Early lifeFrancis Bacon was born on 22 January 1561 at York House near the in , the son of Sir Nicholas Bacon ( ) by his second wife, Anne (Cooke) Bacon, the daughter of the noted . His mother's sister was married to , making Burghley Bacon's uncle. Biographers believe that Bacon was educated at home in his early years owing to poor health, which would plague him throughout his life. He received tuition from John Walsall, a graduate of Oxford with a strong leaning toward ism. He went up to at the on 5 April 1573 at the age of 12, living for three years there, together with his older brother Anthony Bacon under the personal tutelage of Dr John Whitgift, future . Bacon's education was conducted largely in Latin and followed the medieval curriculum. It was at that Bacon first met Queen Elizabeth, who was impressed by his precocious intellect, and was accustomed to calling him "The young lord keeper". His studies brought him to the belief that the methods and results of science as then practised were erroneous. His reverence for conflicted with his rejection of , which seemed to him barren, argumentative and wrong in its objectives. On 27 June 1576, he and Anthony entered ''de societate magistrorum'' at . A few months later, Francis went abroad with Sir , the English ambassador at Paris, while Anthony continued his studies at home. The state of government and society in France under afforded him valuable political instruction. For the next three years he visited , , , Italy, and Spain. There is no evidence that he studied at the (2001). ''Francis Bacon and the Transformation of Early-Modern Philosophy''. Cambridge University Press, p. 46. . During his travels, Bacon studied language, statecraft, and civil law while performing routine diplomatic tasks. On at least one occasion he delivered diplomatic letters to England for , Burghley, , and for the queen. The sudden death of his father in February 1579 prompted Bacon to return to England. Sir Nicholas had laid up a considerable sum of money to purchase an estate for his youngest son, but he died before doing so, and Francis was left with only a fifth of that money. Having borrowed money, Bacon got into debt. To support himself, he took up his residence in law at Gray's Inn in 1579, his income being supplemented by a grant from his mother Lady Anne of the manor of near in Essex, which generated a rent of £46.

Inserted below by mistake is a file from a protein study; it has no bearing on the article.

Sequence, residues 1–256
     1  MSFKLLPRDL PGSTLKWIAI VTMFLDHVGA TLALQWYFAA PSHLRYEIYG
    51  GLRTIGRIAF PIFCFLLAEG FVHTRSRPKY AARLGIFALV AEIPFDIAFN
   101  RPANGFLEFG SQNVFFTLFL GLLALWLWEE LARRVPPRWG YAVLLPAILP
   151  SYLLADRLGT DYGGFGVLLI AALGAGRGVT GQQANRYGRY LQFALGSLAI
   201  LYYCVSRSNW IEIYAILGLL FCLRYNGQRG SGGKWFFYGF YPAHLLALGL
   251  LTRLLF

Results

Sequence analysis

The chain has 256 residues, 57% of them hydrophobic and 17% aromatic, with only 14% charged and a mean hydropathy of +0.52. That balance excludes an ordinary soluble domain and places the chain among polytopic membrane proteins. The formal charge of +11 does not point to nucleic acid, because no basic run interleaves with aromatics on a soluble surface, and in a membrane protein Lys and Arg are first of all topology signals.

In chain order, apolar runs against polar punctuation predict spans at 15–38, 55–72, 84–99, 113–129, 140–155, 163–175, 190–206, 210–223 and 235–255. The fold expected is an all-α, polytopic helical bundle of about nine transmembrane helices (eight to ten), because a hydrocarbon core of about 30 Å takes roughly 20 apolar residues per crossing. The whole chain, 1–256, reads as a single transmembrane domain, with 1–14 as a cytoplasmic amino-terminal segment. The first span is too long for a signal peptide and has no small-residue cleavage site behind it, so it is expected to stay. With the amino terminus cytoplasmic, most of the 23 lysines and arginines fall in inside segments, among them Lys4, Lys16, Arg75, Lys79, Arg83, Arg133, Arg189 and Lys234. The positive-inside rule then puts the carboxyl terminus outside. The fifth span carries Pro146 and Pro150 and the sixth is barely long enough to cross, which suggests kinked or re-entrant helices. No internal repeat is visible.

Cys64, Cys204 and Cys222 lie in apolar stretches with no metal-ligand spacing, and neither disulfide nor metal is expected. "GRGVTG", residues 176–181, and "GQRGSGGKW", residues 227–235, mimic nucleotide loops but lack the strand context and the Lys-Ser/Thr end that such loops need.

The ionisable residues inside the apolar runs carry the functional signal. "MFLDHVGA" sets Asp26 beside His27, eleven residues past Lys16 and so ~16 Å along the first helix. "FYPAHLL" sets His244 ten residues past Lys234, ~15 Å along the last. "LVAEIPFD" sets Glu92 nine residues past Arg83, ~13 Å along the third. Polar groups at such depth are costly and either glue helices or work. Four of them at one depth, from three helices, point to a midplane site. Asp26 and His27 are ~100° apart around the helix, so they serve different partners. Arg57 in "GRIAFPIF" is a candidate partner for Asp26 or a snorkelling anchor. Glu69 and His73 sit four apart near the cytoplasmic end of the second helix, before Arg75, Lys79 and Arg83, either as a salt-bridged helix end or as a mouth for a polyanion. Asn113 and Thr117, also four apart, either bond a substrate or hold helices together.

ParliamentarianBacon stated that he had three goals: to uncover truth, to serve his country, and to serve his church. He sought achieve these goals by seeking a prestigious post. In 1580, through his uncle, , he applied for a post at court that might enable him to pursue a life of learning, but his application failed. For two years he worked quietly at , until he was admitted as an outer barrister in 1582. His parliamentary career began when he was elected MP for Bossiney, Cornwall, in a in 1581. In 1584 he took his seat in for Melcombe in Dorset, and in 1586 for . At this time, he began to write on the condition of parties in the church, as well as on the topic of philosophical reform in the lost tract ''Temporis Partus Maximus''. Yet he failed to gain a position that he thought would lead him to success. He showed signs of sympathy to Puritanism, attending the sermons of the Puritan chaplain of Gray's Inn and accompanying his mother to the to hear . This led to the publication of his earliest surviving tract, which criticized the English church's suppression of the Puritan clergy. In the Parliament of 1586, he openly urged execution for the Catholic . About this time, he again approached his powerful uncle for help; this move was followed by his rapid progress at the bar. He became a in 1586 and was elected a Reader in 1587, delivering his first set of lectures in Lent the following year. In 1589, he received the valuable appointment of reversion to the Clerkship of the , although he did not formally take office until 1608; the post was worth £1,600 a year. In 1588 he became MP for and then for in 1593. He later sat three times for (1597, 1601, 1604) and once for (1614). He became known as a liberal-minded reformer, eager to amend and simplify the law. Though a friend of the crown, he opposed feudal privileges and dictatorial powers. He spoke against religious persecution. He struck at the House of Lords in its usurpation of the Money Bills. He advocated for the union of England and Scotland, which made him a significant influence toward the consolidation of the United Kingdom; and he later would advocate for the integration of Ireland into the Union. Closer constitutional ties, he believed, would bring greater peace and strength to these countries.